I don't have a moral point with all of this (I don't think); it's just of epistemological interest.

Steelman said...

This cognitive disconnect between people's acceptance of the probability of calamities, and their seemingly irrational inability to see themselves as possible victims, would appear to be a question best suited for psychology. Although, I think there is also a moral question here, and that philosophy and the sciences (hard and soft) should inform each other.

I think many people are aware of this disconnect; neither the laws enforcing the wearing of seat belts, nor the older laws mandating their installation in vehicles, are on the verge of repeal. In fact, there are more safety devices than ever on motor vehicles, through government action as well as manufacturers seeking to impress safety conscious customers. All of this despite the fact that most people hardly ever put these safety measures to the test.

The counterpoint to that is the fact that some people don't bother to correctly secure their child's safety seat, share a steady diet of junk food with their kids, and seldom apply sunscreen to themselves or their children. There seems to be a variability of cautious consideration among people, and also among the possible dangers that each individual faces (e.g. an habitual junk food consumer who always uses sunscreen). There seems to be a healthy psychological defense mechanism that keeps all but the severely depressed from suffering the paralysis of constant catastrophic thinking; a "risk assessment program" in the brain that can yield both reasonable and incongruous results. I'm sure there's ample literature regarding how and why individuals sometimes make choices against their own best interests.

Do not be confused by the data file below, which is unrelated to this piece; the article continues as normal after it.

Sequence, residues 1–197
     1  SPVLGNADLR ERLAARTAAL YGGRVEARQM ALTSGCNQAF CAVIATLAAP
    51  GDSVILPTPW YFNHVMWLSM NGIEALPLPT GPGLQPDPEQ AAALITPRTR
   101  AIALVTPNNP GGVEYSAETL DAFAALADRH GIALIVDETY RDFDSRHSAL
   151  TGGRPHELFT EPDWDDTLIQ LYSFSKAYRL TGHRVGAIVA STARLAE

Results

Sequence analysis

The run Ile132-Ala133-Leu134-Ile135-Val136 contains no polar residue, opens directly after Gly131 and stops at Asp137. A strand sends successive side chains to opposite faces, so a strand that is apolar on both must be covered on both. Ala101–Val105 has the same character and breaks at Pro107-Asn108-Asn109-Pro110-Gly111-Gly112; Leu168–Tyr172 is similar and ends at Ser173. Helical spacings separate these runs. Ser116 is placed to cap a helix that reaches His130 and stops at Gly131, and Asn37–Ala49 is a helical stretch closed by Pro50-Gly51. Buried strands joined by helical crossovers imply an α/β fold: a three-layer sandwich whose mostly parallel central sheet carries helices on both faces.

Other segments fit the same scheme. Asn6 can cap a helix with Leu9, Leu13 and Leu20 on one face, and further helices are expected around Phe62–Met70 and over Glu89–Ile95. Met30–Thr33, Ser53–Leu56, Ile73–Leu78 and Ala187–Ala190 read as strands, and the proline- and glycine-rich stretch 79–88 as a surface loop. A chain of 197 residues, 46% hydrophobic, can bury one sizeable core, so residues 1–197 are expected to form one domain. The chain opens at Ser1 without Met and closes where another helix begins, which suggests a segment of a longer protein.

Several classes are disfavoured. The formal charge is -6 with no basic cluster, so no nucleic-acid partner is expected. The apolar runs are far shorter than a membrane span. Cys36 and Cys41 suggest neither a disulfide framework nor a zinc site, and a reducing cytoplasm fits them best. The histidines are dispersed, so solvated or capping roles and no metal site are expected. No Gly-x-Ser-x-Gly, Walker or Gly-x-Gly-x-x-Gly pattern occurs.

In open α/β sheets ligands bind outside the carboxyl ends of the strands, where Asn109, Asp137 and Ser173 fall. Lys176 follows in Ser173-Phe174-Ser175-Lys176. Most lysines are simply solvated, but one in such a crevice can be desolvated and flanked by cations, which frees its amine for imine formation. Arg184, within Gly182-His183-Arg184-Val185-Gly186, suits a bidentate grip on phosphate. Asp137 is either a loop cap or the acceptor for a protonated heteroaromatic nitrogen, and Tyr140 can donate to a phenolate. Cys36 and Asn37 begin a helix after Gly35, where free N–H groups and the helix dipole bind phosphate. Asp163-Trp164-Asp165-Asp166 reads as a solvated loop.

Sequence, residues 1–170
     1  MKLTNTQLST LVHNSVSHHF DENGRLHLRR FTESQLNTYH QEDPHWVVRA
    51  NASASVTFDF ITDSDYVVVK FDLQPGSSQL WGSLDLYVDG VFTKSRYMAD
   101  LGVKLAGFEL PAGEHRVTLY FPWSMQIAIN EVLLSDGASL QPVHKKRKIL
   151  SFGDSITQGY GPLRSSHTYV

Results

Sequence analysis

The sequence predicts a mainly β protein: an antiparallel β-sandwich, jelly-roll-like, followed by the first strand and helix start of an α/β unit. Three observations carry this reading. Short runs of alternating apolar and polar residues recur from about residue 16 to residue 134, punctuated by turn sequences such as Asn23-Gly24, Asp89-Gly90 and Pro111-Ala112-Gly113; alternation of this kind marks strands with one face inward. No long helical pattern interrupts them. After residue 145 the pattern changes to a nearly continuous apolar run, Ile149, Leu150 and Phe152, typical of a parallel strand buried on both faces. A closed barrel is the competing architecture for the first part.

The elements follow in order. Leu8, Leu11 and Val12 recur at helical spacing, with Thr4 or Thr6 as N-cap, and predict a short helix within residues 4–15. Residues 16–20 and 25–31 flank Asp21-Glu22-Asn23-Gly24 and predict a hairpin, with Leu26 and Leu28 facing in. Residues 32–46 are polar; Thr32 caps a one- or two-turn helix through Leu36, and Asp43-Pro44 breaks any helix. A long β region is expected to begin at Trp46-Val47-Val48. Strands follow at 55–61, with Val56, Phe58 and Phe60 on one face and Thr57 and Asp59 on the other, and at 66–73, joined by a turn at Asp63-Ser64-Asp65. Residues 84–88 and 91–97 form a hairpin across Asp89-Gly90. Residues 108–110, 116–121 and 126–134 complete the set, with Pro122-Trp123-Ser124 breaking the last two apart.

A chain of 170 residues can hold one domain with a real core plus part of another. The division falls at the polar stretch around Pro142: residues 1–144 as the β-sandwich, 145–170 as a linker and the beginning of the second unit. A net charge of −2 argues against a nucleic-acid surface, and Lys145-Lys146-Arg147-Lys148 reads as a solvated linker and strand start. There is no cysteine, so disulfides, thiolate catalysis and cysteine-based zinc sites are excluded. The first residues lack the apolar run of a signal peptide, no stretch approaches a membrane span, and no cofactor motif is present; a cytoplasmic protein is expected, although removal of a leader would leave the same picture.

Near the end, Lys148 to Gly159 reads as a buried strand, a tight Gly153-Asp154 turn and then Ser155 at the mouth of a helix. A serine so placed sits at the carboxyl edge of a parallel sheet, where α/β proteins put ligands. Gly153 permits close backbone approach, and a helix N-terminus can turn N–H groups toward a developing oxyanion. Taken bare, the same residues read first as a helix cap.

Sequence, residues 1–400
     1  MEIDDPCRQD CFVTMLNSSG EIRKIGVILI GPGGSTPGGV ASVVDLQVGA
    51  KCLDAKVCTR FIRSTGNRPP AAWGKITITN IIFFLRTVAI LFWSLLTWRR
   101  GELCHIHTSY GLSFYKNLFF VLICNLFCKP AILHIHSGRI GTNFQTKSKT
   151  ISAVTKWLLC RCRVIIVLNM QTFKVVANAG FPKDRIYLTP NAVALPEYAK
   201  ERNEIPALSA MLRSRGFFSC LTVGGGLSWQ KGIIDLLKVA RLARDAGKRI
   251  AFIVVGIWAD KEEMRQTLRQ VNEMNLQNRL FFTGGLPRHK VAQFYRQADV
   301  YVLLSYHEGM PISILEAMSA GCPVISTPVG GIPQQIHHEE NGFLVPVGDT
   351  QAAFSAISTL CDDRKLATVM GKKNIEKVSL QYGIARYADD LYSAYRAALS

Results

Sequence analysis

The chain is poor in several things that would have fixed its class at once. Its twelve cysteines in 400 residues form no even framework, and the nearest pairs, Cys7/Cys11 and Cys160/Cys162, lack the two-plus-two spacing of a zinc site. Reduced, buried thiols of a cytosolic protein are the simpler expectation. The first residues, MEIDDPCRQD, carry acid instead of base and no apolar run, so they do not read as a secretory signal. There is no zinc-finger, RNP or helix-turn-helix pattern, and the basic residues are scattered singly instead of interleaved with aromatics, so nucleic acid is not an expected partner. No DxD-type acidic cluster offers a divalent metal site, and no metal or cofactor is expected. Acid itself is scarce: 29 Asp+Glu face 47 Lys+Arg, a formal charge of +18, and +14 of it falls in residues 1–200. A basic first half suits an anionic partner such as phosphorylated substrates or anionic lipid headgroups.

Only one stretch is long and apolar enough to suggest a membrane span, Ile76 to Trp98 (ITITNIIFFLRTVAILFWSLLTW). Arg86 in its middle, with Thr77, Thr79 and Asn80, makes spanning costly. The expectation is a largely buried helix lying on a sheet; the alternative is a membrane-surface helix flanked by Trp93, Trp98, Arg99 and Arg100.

I think part of this is the perception of distance for any given danger. It's difficult for a person who feels healthy and well to imagine the experience of cancer treatment, as they're enjoying yet another slice of thrice-weekly pepperoni pizza out on the restaurant's sun-filled deck. There is an inertia of thought that laws and public service announcements are intended to overcome, with varying degrees of success. People become acclimated to the status quo, and conditions often must become intolerable for them to take action. Perhaps this is why preventive measures in the areas of public safety and illness usually require social and governmental coercion?

There are also moral questions. How ought we to assess various risks, and how should we deal with those who don't agree with our assessments? For example: Are government officials who inadequately prepare for natural disasters more or less culpable than the citizens who fail to insure their own safety to the best of their abilities (including their inattention to the job performance of those elected officials)?